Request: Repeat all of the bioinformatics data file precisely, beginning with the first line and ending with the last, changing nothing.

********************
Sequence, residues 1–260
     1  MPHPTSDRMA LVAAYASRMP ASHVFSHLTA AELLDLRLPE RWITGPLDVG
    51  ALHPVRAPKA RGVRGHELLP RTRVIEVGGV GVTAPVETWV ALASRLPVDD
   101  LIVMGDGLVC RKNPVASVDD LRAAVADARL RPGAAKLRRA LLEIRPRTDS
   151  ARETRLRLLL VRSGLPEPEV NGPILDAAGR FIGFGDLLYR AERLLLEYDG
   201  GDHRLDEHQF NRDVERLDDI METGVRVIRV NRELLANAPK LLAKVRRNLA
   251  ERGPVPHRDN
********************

Sequence, residues 1–260
     1  MPHPTSDRMA LVAAYASRMP ASHVFSHLTA AELLDLRLPE RWITGPLDVG
    51  ALHPVRAPKA RGVRGHELLP RTRVIEVGGV GVTAPVETWV ALASRLPVDD
   101  LIVMGDGLVC RKNPVASVDD LRAAVADARL RPGAAKLRRA LLEIRPRTDS
   151  ARETRLRLLL VRSGLPEPEV NGPILDAAGR FIGFGDLLYR AERLLLEYDG
   201  GDHRLDEHQF NRDVERLDDI METGVRVIRV NRELLANAPK LLAKVRRNLA
   251  ERGPVPHRDN